When I’m not training dogs, I’m walking dogs but what happens when I’m not walking or training dogs?
It would probably be easy to think that the first opportunity I have for a day off I would relish the chance to sit and do nothing. That’s right, nothing. Perhaps read a good book, watch a movie, or just simply not open the laptop.
In an attempt to do something interesting with those precious holidays and still include my beloved dog Warrick, I decided we needed a challenge. I love walking, have no ability to sit still and I am also incredibly stubborn. I’ve always been told “travel while you’re young, don’t get tied down with a dog, it will really limit what you can do”. Naturally I wanted to prove people wrong!
After chatting to the husband we came up with the idea that mountain climbing would be a fun hobby. We looked for proper definitions of mountains, we couldn’t find one but did find something called a Marilyn. Marilyns are “a hill of any height with a drop of 150 metres (nearly 500 ft) or more on all sides”. There are 176 in England, a relatively small amount compared to Scotland and Wales so this was the challenge, climb all 176 peaks in England.
Our first peak started on a sunny Sunday afternoon in Kent. We prepared well. The rucksack was packed with all essentials for climbing the toughest peaks; plenty of water, energy bars, compass, torches, foil blankets, first aid kit, our camera and tripod to record our success, you name it, we had it.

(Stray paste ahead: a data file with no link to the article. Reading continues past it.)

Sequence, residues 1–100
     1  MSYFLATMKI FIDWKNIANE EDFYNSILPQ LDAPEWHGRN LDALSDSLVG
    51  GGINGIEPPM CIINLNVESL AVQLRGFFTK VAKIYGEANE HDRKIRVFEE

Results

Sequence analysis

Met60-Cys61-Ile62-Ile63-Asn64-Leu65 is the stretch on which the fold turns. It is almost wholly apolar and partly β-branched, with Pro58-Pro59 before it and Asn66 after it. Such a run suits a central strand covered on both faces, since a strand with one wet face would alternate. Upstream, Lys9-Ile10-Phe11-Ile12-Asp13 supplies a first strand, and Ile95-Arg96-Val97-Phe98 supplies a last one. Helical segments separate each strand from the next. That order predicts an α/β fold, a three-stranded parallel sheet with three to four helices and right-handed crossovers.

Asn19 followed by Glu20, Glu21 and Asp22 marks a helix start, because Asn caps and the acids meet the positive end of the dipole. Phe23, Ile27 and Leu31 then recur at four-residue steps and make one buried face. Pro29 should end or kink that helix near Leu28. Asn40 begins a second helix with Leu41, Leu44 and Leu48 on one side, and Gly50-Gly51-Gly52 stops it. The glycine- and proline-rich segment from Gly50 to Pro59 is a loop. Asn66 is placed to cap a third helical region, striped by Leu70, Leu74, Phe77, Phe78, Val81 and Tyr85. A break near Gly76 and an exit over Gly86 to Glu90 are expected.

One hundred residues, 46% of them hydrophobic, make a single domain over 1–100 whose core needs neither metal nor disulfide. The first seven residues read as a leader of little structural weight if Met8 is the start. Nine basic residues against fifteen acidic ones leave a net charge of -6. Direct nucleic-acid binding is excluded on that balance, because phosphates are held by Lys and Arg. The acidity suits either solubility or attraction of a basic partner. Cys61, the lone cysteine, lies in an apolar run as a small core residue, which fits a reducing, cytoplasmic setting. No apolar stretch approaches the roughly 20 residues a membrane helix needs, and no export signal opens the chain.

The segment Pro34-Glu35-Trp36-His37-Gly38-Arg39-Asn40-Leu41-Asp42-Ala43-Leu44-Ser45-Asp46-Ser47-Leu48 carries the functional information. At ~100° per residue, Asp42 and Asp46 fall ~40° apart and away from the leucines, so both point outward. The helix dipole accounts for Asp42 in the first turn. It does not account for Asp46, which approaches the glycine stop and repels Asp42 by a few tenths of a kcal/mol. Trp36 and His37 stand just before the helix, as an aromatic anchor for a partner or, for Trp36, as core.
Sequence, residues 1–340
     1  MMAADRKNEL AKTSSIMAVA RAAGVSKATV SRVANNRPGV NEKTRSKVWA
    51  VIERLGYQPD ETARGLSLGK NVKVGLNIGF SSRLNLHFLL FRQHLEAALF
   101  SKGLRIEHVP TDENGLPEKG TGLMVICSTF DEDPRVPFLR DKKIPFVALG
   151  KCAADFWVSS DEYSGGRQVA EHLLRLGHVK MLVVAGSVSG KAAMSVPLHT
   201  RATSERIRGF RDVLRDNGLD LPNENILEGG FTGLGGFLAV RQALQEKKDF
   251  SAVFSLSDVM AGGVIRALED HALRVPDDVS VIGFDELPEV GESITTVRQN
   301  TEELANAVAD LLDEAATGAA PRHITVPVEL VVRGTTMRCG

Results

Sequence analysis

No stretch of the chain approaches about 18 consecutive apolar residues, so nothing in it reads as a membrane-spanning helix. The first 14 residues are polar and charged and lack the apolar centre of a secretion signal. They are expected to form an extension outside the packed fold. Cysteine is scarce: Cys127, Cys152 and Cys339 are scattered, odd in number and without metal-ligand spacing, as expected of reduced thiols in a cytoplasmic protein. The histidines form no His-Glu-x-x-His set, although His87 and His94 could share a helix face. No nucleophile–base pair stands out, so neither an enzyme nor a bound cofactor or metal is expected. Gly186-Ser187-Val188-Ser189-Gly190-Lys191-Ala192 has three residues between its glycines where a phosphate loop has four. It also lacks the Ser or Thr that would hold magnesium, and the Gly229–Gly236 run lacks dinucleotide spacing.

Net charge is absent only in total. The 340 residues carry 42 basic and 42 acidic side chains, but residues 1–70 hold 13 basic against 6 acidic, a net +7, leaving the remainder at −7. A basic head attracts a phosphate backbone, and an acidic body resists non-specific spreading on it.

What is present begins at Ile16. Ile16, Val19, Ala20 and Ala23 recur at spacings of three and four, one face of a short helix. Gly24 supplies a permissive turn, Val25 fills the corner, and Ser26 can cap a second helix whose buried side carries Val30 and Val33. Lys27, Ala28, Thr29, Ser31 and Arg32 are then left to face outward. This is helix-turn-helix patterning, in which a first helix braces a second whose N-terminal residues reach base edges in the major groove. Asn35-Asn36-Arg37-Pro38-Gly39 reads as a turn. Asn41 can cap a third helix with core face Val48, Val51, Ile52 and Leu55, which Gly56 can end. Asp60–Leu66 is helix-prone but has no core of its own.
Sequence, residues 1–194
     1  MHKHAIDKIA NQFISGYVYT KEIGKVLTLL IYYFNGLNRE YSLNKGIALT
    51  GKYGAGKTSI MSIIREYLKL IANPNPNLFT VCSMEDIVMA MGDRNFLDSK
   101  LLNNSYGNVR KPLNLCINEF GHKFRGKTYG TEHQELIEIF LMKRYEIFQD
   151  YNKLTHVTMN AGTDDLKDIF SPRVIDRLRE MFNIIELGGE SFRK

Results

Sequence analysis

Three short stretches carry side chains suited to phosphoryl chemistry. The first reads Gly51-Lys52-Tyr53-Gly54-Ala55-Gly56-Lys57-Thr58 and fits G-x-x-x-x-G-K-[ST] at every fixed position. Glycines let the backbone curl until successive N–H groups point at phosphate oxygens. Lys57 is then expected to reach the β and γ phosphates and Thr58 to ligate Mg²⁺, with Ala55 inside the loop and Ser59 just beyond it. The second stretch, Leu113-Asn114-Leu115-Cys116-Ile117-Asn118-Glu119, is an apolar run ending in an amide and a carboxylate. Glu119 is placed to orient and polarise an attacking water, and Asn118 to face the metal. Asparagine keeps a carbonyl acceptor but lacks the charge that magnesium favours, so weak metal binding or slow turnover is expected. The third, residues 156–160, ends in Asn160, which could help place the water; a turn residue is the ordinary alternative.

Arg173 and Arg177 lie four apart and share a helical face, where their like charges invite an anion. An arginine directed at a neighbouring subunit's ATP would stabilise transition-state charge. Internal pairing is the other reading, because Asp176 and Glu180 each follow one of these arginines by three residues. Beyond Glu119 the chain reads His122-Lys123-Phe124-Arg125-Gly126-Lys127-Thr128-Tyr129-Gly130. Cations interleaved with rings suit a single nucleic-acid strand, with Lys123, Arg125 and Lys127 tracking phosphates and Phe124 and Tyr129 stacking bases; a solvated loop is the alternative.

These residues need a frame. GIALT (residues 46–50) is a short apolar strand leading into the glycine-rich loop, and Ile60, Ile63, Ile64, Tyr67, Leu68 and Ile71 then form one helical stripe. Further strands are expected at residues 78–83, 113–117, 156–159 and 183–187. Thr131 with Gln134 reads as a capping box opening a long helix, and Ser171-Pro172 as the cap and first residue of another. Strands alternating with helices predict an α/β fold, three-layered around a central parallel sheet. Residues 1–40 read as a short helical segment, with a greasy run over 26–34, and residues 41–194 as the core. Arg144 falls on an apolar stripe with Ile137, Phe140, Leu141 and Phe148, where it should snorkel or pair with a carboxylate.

We parked in a recommended parking bay, got our maps and set off. We didn’t really know what to expect, so made sure we had a couple of jumpers in case we got stranded and cold. After carefully following the OS map and making sure we didn’t get on to the wrong path it had taken less than ten minutes and we had reached the summit! The parking area was situated near the top and there was barely an incline. This was such a disappointment but we had completed our first peak.
For the next Marilyn we headed to the Peak District. Having over packed for our first climb we decided not to go overboard this time, a lighter load was essential. It took nearly four hours to reach the summit and it was a long hard slog to get there. We had heard of the famous Jacob’s Ladder on Kinder Scout, but on this hot summers day it seemed like a never ending ascent of steps met by various sheep on the way. The scenery was absolutely stunning.
As we had travelled light, we had run out of water and the thirst in this weather did put a small dent in what was an incredible achievement. The descent was much easier and on the way down we crossed paths with a man in his 60’s. He informed us that he had just had heart surgery and had started in Scotland making his way south. I felt feeble worrying about being thirsty when this man was really living life without a care in the world. Further down we came across a natural spring and decided to drink from it. It was crystal clear, beautifully refreshing and summed up a wonderful experience in the British countryside.
This was just what I had in mind when we started this challenge. Each peak has had something really special to put in the memory box. Most importantly it has showed me that having a dog most certainly doesn’t hold you back. If I didn’t have Warrick, I would never have seen some of the magnificent wonders of England nor have the fantastic memories they have given me.